So the solution is not necessarily to make the military completely subservient to the Secretary of Defense?
No. This is where Eliot Cohen’s book Supreme Command is exactly on target. Open, honest, and candid dialogue is crucially important. My sense is that the dialogue between senior civilians and senior military officers is so distorted by posturing, game-playing, and bringing peripheral political considerations into the matter that the environment in which discourse happens is one in which there is great mistrust rather than openness and honesty. The issues don’t get addressed in a straightforward way. And that is part of the problem here.
Do you think there’s any need for an overall bureaucratic reorganization of the armed forces—for example, an updated Goldwater-Nichols Act?
I don’t know exactly what an updated Goldwater-Nichols act would propose, and I would probably want to see specific proposals before commenting. Having said that, I don’t believe that we can legislate healthy civil-military relations. We need to have people who are genuinely professional, genuinely committed to the national interest, rather than to some narrow and parochial interest—people who undertake their responsibilities honestly and fearlessly. And that needs to be the case both on the civilian side and on the military side. It’s not. I don’t think you can legislate a fix to the problem.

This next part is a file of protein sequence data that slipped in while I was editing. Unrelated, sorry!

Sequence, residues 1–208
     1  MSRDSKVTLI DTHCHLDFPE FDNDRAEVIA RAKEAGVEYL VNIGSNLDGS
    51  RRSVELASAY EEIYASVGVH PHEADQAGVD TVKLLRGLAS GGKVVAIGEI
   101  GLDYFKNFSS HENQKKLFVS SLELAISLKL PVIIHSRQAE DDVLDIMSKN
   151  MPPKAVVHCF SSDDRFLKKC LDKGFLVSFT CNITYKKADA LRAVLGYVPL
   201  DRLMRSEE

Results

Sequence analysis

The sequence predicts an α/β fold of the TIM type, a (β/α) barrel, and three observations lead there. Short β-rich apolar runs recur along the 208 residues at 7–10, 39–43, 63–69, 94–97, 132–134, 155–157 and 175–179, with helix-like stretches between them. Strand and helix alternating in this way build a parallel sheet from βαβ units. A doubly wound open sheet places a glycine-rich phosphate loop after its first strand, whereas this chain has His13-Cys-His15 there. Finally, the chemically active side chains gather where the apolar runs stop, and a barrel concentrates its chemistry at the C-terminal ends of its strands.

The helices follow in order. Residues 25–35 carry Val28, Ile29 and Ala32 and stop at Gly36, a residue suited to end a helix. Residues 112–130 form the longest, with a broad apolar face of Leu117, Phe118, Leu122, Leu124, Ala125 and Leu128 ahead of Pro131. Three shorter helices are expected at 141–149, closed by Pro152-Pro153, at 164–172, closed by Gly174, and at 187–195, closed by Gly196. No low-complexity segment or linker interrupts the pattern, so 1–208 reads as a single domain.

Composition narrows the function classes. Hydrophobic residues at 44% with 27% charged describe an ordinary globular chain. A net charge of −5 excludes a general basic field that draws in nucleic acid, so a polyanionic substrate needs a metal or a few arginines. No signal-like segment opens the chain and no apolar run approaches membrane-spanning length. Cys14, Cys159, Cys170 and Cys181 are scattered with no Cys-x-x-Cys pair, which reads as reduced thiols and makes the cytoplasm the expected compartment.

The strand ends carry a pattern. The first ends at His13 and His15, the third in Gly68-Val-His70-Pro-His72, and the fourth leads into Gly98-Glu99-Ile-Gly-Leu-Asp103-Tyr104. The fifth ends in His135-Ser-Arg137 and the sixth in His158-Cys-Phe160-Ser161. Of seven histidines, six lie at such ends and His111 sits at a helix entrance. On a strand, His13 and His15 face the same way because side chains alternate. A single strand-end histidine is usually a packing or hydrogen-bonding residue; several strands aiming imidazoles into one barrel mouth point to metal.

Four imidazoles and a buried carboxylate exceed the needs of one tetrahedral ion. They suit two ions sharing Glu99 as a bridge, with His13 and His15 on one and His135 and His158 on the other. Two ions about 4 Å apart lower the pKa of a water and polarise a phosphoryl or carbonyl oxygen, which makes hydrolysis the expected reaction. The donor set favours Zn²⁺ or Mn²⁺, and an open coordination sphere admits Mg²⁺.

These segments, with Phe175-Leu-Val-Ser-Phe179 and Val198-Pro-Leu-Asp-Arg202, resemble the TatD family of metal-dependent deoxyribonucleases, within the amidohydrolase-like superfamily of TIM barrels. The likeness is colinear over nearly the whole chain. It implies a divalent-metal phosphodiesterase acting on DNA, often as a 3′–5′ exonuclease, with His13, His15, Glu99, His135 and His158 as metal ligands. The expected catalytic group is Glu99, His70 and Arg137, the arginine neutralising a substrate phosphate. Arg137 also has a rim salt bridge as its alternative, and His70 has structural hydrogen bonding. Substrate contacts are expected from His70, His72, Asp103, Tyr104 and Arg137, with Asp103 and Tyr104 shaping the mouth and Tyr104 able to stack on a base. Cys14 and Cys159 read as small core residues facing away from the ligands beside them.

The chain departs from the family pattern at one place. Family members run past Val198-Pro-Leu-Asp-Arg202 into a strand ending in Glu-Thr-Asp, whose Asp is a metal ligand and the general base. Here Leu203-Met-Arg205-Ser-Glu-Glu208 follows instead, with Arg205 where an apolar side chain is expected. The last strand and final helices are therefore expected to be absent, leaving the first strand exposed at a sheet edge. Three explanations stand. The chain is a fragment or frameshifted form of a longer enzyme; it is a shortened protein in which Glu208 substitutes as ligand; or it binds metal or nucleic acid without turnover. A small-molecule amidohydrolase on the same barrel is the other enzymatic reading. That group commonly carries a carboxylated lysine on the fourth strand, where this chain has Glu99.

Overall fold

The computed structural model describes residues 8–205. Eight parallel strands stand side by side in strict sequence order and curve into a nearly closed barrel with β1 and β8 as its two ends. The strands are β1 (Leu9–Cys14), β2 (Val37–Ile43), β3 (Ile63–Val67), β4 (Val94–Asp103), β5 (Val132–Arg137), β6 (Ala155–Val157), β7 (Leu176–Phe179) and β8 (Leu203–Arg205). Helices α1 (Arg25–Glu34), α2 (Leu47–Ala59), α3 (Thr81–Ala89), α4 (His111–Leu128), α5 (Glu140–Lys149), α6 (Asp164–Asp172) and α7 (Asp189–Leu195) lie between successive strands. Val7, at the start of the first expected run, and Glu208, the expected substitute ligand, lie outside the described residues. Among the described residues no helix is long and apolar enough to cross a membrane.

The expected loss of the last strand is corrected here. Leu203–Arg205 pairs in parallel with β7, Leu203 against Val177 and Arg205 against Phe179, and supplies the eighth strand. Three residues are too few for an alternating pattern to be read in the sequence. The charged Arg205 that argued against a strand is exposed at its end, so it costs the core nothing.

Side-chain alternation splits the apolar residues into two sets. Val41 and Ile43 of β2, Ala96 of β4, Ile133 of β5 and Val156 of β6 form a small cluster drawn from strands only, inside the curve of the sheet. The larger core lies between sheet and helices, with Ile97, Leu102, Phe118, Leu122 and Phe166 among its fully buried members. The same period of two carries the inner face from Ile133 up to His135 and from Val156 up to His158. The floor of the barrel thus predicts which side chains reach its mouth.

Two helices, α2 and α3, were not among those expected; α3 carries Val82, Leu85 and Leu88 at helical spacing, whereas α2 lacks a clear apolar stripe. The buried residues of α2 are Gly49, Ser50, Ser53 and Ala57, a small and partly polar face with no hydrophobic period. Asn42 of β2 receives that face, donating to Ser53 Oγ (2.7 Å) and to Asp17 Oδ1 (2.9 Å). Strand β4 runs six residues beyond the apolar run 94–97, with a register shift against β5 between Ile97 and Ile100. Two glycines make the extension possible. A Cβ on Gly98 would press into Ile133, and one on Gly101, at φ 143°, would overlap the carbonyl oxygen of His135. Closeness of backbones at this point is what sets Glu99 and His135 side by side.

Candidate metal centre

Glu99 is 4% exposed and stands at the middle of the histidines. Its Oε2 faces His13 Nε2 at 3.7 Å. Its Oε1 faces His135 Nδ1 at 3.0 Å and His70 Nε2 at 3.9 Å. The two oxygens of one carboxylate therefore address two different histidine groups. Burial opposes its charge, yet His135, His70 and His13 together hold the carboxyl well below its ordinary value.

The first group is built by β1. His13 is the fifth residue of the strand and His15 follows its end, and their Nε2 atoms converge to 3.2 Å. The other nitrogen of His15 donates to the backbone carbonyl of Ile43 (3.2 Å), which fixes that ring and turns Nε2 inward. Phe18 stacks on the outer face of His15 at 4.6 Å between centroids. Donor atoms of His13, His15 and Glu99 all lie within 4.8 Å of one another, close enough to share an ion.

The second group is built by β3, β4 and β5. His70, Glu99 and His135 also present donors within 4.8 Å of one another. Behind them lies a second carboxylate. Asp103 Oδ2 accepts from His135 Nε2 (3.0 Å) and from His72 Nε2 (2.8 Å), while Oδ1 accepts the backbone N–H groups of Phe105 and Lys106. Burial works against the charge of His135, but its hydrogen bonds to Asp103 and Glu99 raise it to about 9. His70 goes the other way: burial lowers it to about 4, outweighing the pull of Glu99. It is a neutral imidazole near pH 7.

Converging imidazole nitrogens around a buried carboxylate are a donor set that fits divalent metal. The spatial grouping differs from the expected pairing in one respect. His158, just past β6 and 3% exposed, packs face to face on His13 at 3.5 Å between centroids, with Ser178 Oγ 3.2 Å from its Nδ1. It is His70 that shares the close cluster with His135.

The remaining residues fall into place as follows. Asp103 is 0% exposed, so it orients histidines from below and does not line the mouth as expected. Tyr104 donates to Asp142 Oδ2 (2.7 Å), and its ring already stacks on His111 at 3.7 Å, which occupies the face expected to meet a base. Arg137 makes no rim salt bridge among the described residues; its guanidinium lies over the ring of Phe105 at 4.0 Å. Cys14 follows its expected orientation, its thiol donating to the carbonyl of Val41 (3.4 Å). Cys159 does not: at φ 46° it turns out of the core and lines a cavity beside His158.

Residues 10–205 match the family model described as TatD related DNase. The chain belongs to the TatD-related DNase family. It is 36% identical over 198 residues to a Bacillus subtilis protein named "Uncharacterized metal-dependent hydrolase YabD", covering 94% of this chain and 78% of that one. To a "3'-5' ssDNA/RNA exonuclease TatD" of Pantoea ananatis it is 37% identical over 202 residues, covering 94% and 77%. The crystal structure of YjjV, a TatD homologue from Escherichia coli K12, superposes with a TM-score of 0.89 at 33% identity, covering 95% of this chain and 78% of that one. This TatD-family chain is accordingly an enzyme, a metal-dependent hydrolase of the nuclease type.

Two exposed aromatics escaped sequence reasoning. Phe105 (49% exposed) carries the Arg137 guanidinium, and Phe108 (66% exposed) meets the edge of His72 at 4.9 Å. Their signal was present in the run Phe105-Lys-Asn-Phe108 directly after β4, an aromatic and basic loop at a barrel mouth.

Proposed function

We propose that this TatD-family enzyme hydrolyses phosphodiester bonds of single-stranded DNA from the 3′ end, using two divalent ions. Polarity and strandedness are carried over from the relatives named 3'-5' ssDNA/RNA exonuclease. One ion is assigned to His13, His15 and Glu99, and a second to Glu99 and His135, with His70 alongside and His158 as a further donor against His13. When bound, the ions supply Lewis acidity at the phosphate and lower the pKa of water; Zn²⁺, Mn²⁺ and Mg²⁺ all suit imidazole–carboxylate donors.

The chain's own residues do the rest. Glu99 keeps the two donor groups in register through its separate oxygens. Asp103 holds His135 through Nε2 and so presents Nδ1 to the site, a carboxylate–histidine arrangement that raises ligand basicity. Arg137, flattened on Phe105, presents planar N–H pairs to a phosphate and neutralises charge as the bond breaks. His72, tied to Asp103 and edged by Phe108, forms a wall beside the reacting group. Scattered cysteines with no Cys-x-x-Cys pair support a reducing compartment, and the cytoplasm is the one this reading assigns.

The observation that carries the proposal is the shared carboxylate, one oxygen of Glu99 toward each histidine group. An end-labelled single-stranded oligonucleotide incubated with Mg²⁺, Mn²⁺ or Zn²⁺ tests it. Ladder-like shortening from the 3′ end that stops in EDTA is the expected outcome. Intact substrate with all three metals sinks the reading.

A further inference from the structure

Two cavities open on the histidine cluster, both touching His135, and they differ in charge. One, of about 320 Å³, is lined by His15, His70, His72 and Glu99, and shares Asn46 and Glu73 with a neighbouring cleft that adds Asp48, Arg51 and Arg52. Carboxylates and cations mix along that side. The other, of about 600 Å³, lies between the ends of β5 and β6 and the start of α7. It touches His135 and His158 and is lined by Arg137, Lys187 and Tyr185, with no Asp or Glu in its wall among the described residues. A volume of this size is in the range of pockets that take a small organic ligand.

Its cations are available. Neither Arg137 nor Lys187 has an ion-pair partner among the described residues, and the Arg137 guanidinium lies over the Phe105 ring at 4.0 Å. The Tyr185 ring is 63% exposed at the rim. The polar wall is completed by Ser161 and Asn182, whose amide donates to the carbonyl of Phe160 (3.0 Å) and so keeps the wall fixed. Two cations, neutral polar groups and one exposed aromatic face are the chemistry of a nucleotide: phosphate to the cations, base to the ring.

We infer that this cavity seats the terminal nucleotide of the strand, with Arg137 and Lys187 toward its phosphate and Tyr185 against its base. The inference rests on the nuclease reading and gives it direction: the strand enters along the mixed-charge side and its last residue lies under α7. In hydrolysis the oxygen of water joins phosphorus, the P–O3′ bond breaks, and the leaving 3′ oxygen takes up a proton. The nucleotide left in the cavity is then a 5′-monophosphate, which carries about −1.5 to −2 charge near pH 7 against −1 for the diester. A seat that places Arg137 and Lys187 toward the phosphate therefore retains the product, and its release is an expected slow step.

Your book The New American Militarism suggests that we have become more militarized as a society in recent years. But some would argue that the American public has in fact become increasingly disengaged from the politics of war. For example, we haven't seen the same sorts of organized protests on college campuses or marches on Washington that we saw during the Vietnam War. Can you speak to how we can reconcile what seems to be increased apathy toward war with the idea that we are becoming increasingly militarized?
"The Widening Gap Between the Military and Society" (July 1997)
U.S. military personnel of all ranks are feeling increasingly alienated from their own country, and are becoming both more conservative and more politically active than ever before. Do they see America clearly? By Thomas E. Ricks
I teach at Boston University and have observed that although our students are patriotic, that doesn’t translate into any particular enthusiasm for enlisting in the military. ROTC, which had become a contentious presence on many campuses during the Vietnam War is now readily accepted. The presence of ROTC at BU today is completely non-controversial. But despite the fact that there are now public professions of respect and warm regard for soldiers, as a practical matter, a large gap has opened up between the American Army and American society. For all kinds of reasons I think we need to close that gap, which means ensuring that the burdens of military service are shared more broadly across the spectrum of American society. We need to find ways to induce greater numbers of young people to serve.
Should we reinstate the draft?
"The Draft" (April 1980)
Why the country needs it. By James Fallows
"The Draft" (April 1980)
Why the Army needs it. By James Webb